One Flew Over the Cuckoo’s Nest
What if an alien in the future stumbled upon One Flew Over the Cuckoo’s Nest? Welcome to Earthling Cinema, where we examine the last remaining artifacts of a once-proud culture and try to understand what human lives were like before their planet was destroyed. I’m your host, Garyx Wormuloid.
One Flew Over the Cuckoo’s Nest (1975)
Stars: Jack Nicholson, Louise Fletcher, Michael Berryman
Directed by: Milos Forman
Written by: Ben Steiner
Analysis & Directed by: Jared Bauer
Starring: Mark Schroeder (https://twitter.com/mark_schroeder)
Edited by: Ryan Hailey
Original Music by: David Krystal (http://www.davidkrystalmusic.com)
Opening Animation by: Danny Rapaport
Producer & Additional Artwork by: Jacob S. Salamon
One Flew Over the Cuckoo’s Nest
Through Alien Eyes
Greetings, and welcome to Earthling Cinema. I am your host, Garyx Wormuloid. This week’s artifact is One Flew Over the Cuckoo’s Nest, or One Flew Over the for short. The film stars the inimitable Jack Nicholson, who is best remembered as the mascot for the Los Angeles Lakers
When One Flew Over the begins, Randle P. McMurphy has just been admitted to a mental institution, which is like a hotel for your brain. He befriends the other residents of his ward, and starts up a classic rivalry with the domineering Nurse Ratched. Before long, McMurphy steals a hospital bus and takes his friends on a fishing boat to go fishing for fish. Later, after an impromptu brawl, Nurse Ratched gives him shock therapy. Earth women, am I right? I don’t know if I’m right.
McMurphy has had enough, so he decides to escape. Naturally, he throws a party, subscribing to the human credo that alcohol fixes everything. Turns out he’s a pretty great wingman [shot of him putting Billy and Candy in a room together]. But he parties too hard and falls asleep, which puts a damper on the whole escape thing.
Nurse Ratched arrives in the morning and notices a few things are out of place [shot of ward looking like shit]. She threatens to tattle on Billy, so he freaks out and kills himself. McMurphy is none too pleased about this, and tries to hug Nurse Ratched’s neck to death. For this, he gets a lobotomy, which is where they replace part of your brain with corned beef hash.
In the end, the Chief gives McMurphy the old Kevourkian treatment and then shamelessly plagiarizes his escape plan. At its core, One Flew Over the is about the struggle between chaos and order. There’s no freedom without a little chaos, yet to maintain order, there must be oppression. In this shot, McMurphy sees a baby horse running along the edge of a chain link fence — freedom vs. man-made social order. Little-known fact: that horse would go on to star is several more movies, including Seabiscuit, Hidalgo, Wall Street 2.
McMurphy upsets the established routine of the ward, asking for schedule changes and inspiring resistance during therapy sessions. He teaches his fellow denizens to have fun [shots of basketball, gambling] and encourages them to embrace their disgusting human desires [Babbitt with the girl]. McMurphy convinces them that not only are they sane, but they are men, as evidenced by their desire to watch the World Series. As he tells Martini during the card game, the residents of the ward are “real people”.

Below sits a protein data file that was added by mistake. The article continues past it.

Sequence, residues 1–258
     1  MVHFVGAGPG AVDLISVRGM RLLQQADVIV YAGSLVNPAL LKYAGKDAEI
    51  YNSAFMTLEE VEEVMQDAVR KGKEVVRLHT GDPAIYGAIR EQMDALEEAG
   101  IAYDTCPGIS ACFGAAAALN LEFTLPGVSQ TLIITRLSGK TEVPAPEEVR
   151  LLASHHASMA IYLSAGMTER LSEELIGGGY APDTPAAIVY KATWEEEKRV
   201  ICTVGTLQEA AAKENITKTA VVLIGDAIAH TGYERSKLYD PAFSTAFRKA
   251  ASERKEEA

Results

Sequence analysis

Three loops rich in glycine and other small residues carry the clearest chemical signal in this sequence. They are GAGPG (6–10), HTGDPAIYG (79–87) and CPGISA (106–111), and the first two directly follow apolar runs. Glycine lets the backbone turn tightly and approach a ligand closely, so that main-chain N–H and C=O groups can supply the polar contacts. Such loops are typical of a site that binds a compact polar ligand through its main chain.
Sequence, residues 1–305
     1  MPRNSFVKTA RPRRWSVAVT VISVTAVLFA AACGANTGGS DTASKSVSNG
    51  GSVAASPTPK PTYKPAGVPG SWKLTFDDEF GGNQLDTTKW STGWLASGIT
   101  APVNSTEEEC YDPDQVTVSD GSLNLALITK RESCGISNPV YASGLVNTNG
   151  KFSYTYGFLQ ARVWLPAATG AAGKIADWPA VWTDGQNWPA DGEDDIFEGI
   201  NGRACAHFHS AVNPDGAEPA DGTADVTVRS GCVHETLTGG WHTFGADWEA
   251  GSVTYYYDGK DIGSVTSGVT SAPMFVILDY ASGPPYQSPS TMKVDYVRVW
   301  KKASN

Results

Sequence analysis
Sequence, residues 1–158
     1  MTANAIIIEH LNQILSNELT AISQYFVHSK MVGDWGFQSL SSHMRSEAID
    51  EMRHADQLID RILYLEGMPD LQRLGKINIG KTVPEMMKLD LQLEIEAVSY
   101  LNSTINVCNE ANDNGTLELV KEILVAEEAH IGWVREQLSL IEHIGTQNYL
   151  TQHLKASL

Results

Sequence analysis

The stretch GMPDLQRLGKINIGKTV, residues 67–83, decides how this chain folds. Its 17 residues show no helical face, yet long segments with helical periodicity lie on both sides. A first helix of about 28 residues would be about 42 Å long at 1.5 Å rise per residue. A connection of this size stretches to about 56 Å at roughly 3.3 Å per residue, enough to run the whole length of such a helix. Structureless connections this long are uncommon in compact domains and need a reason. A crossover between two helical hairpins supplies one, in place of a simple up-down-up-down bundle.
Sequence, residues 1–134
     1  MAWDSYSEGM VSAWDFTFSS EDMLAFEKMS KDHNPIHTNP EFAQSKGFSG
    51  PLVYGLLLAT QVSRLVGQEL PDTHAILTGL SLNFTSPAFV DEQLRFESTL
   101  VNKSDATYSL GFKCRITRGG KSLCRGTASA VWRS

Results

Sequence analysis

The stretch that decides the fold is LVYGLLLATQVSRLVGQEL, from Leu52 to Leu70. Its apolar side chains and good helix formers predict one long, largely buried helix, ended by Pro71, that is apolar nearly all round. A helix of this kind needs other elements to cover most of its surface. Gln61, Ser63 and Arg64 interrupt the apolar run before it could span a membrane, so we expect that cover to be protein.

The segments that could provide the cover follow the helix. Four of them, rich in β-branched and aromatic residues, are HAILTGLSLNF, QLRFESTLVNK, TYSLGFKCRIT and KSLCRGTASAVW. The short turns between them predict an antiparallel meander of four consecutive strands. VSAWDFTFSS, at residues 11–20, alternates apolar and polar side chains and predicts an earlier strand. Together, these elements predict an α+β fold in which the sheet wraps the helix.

In contrast, Nurse Ratched is an authoritarian. The first time we see her she is framed by a gate, signifying imprisonment. Whereas McMurphy flies by the seat of his pants, Nurse Ratched is always stoic, and nobody likes a stoic [pause, stare down the camera]. The only time she shows any emotion is when McMurphy has to literally choke it out of her, and that emotion is “ouch.”
Order is imposed on the patients with an almost religious or cult- like rigor. When the patients are given their medicine, one of them receives it on his tongue like communion. McMurphy rejects the communion when he spits the pills out, choosing instead to forge his own destiny, one where he doesn’t have the icky taste of medicine in his mouth. Maybe next time she’ll choose Flintstones.
McMurphy soon discovers that he’s trapped behind not just physical walls, but mental ones as well [McMurphy miming masturbation]. Routine is imprisonment. While many of the mental patients were self- admitted because they felt unfit to function in society, their strict schedule makes them dependent, ensuring that they’ll stay that way. Meanwhile, my strict schedule ensures that I’m never home in time to see my kids, so maybe it’s not all bad.
The sink, an old hydrotherapy console, represents the establishment’s hold over the patients; the oppressive structure labels them as “crazy” and nullifies their will to freedom. McMurphy attempts to use it as a means of liberation, but can’t do it because he’s not tall enough to be strong. Later, when the Chief tries to lift the console, he is successful because McMurphy has made him feel “as big as a mountain,” and also because he is as big as a mountain.
At the end, order has been re- established. The ward is clean, people are taking their medicine again, and Nurse Ratched is wearing a cute new accessory [neck brace]. However, Harding and the other guys still gamble, both as a small gesture of rebellion, and because otherwise cards are just boring.
It seems McMurphy’s influence has not completely disappeared. When the Chief kills MacMurphy, he sets him free, immortalizing him as a symbol of freedom that will forever inspire the patients. He also sets the audience free by ending the movie.
For Earthling Cinema, I’m Garyx Wormuloid. To get a lobotomy of your very own, click the subscribe button.